A reflection by Gary Turkington
In a quiet moment, I draw together my thoughts of Michael Bungay QC, advocate, friend, wit, writer, lover, raconteur – he was all those things and more. In an instant "gone down to the tongueless silence of the dreamless dust."
So a reflection perhaps, before moving to those memories which shall remain, to the brief moment that each of us occupies in the galaxy of time … the strife of courtroom battle, the bubble of reputation, wealth to the quick … all momentarily in their right perspective.
To his parents, then, Londoners, Brixton, 1934: how would they have viewed now their wide eyed son in the year of his birth, with his early years, carefree and mischievous no doubt; a callow youth perhaps who escaped the shadow of war and from the most humble of beginnings rose to become one of the mightiest advocates in the land. A twinkle in the eye of the "old man" I see and serenity for his mother from the quiet pride of achievement.
Thoughts then of the army. It was such an opportunity that enabled him to come to New Zealand and try his luck in law part time in Wellington. He may have been an unwilling student who paraded at the early morning lectures of the day with a disdainful stare for tutors – at least one judicial officer has so remarked. Action beckoned at the Bar without delay.
And so to practice in 1961, and after a brief flurry of experience, setting up on his own without connection or favour in a tumbledown building with others equally keen to make their mark. The daily round of legal aid, slumming it in the holding cells, looking for the brief that might launch a career. He once remarked that a lifetime might go by and a lawyer miss his mark, not through want of ability, but because chance did not provide a brief of such notoriety, that the springboard to fame was lost. Perhaps. But he was largely the master of his own destiny. His earthy style, commonsense, impish humour, one man against the overwhelming state – the stuff jurors understand and follow. And yes, there was always doubt, even in the worst case when a fanciful doubt might just be a reasonable doubt. No paper shuffler he, the art of the true advocate at the Bar is oratory and by reason, persuasion to a cause. So it was no coincidence that cases of great moment were successfully argued by him and those that made him truly famous occurred in quick succession: Sutch, Geiringer, Minnitt. From then the parade was endless with no less than 100 homicides to test his resolve, not to mention countless other cases from the criminal calendar.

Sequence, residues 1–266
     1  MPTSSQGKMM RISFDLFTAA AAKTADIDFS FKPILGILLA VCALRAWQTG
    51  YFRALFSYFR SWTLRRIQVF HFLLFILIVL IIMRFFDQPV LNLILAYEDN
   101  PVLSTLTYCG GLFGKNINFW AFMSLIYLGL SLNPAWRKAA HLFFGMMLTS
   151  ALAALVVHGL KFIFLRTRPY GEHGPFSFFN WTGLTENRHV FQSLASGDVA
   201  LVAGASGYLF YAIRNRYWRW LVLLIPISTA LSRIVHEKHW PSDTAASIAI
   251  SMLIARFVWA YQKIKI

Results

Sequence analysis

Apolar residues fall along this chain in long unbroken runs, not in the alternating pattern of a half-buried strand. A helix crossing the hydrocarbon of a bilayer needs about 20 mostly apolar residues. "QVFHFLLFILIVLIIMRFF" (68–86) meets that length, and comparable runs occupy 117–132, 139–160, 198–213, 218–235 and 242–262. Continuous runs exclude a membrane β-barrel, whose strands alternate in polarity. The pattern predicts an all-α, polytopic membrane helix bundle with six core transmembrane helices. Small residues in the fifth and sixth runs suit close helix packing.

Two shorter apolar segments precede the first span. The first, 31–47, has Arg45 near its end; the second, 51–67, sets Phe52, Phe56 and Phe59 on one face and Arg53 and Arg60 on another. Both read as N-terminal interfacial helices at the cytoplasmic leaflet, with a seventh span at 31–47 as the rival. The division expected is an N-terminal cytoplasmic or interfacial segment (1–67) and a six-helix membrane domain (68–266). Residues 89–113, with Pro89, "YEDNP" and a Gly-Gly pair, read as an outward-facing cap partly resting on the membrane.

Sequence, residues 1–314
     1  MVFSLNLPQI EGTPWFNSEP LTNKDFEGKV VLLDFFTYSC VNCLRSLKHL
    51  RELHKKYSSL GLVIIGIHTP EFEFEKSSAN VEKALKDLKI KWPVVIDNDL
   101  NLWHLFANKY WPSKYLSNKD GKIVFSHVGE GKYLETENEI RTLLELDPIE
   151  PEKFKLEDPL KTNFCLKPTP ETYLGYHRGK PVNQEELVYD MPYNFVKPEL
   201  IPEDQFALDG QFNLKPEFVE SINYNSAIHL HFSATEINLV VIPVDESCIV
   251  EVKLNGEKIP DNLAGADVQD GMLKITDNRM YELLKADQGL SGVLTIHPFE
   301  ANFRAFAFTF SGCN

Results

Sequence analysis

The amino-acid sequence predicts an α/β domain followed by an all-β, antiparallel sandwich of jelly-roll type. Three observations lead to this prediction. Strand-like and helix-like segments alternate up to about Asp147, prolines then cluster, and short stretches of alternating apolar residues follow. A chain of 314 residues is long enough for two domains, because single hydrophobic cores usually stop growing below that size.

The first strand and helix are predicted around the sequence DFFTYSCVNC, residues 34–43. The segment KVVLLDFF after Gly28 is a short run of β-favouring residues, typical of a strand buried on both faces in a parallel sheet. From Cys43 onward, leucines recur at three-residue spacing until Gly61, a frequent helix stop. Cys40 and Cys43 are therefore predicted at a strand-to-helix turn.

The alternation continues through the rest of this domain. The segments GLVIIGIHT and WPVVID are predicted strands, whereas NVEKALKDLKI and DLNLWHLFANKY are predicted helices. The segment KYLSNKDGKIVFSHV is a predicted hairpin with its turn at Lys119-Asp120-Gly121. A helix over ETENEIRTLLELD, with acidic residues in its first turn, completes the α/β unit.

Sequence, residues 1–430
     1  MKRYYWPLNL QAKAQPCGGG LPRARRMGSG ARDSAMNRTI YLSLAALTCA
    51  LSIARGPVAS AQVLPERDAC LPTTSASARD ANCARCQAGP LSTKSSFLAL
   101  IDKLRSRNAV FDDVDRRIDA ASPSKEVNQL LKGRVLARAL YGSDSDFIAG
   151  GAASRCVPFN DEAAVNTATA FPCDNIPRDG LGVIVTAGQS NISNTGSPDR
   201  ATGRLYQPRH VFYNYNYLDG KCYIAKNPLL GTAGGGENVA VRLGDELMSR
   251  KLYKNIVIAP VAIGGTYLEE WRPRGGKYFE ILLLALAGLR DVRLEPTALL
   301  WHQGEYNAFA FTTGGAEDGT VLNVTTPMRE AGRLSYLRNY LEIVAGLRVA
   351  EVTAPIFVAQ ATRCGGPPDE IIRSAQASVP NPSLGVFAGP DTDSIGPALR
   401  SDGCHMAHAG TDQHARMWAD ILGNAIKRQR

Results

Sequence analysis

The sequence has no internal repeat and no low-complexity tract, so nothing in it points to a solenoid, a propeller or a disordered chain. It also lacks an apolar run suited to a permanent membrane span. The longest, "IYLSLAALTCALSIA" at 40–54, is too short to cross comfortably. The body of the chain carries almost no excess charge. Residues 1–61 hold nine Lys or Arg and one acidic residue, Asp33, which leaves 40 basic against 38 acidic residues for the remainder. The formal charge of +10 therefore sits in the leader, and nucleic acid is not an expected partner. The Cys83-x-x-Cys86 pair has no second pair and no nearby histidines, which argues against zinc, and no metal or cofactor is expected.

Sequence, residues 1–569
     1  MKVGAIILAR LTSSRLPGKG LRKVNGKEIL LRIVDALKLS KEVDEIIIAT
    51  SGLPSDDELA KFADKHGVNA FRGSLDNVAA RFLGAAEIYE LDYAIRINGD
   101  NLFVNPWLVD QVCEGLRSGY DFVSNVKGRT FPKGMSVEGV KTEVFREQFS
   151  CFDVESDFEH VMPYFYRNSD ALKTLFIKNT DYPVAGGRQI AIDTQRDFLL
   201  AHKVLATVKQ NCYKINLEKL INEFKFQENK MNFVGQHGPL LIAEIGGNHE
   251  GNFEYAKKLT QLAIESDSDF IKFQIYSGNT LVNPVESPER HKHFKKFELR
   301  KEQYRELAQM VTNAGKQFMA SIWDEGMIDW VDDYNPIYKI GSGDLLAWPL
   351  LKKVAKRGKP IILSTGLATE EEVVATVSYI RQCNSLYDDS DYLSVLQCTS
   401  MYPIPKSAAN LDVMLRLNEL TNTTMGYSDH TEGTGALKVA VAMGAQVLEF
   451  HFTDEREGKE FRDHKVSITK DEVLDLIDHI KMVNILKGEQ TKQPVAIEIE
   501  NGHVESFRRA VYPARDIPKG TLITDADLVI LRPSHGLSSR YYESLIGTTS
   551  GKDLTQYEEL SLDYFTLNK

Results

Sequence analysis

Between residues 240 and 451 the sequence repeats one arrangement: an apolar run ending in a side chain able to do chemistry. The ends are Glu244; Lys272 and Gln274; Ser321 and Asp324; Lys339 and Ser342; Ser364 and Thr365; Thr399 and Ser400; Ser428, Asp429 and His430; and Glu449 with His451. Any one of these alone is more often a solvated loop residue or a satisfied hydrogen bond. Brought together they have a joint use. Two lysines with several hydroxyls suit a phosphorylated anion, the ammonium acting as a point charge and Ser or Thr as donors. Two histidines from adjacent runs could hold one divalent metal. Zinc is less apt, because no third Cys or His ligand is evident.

To companionship. And was he often not at his best surrounded by cronies, regaling them with his jousts at the Bar? De Bretts on Friday night, even Thursday night, anytime … smoke wreathing, beer, whisky, glasses clinking, talk, laughter – and so on into the night, a distant cacophony – bleary eyed and sorry head next morning – punishment of the body but not the soul.
To sport. A distant pursuit for a busy barrister but surprisingly golf, a game not suited to the impatient found its tantalising qualities with him. Always a trier, he would often remark there was no such thing as a bad shot in golf for no matter, it was bound to have made someone happy.
Silk. Here was one of the proudest moments in his life when, in 1986, he was called to the Inner Bar. To many this was just recognition in a field which tended to the be province of the commercial men, and reward for advocacy in its finest form – great oratory before a jury.
Finally to his family. In recent years Rhonda was the boon companion. Chad, as years saw the great man mellow, the recipient of much affection. She was a profound influence on his direction and when ill health lengthened its shadow she was at his side, a staunch prop when away from home in distant hotels, anxious preparation for some major trial taxed his last resources. Then, in a lonely moment, on a motorway, gone – 58 years in which this man, this leader of the Bar was given his last exit on a stage in which there had been many parts, many entrances, which kept those who knew him well, enthralled. Farewell, Michael, farewell.
This reflection was first published in LawTalk 403, 26 October 1993, page 2.
Michael Anthony Bungay was born in London on 28 September 1934. A wartime evacuee, he left school at the age of 15 to serve briefly in the merchant navy before joining the Royal Marines from 1952 to 1954. He emigrated to New Zealand in 1956 and joined the New Zealand Army, studying part-time at university until he graduated in law in 1961 and began his legal career.
Mike Bungay became a barrister sole in 1983 and was appointed Queen's Counsel in 1986, becoming possibly New Zealand's best-known criminal defence lawyer. He appeared in well over 100 murder trials and was in demand as an after-dinner speaker, media commentator and host on talkback radio. In 1983 he co-authored Bungay on Murder with media commentator Brian Edwards.
He married Rosemary Moss in 1956, and the couple divorced in 1969. In 1987 he married Rhonda Wealleans. Rhonda, who worked closely with him over the later stages of his career, published Dear Murderer: Mike Bungay's Life on Trial, in 1997.
Mike Bungay QC died on 10 August 1993.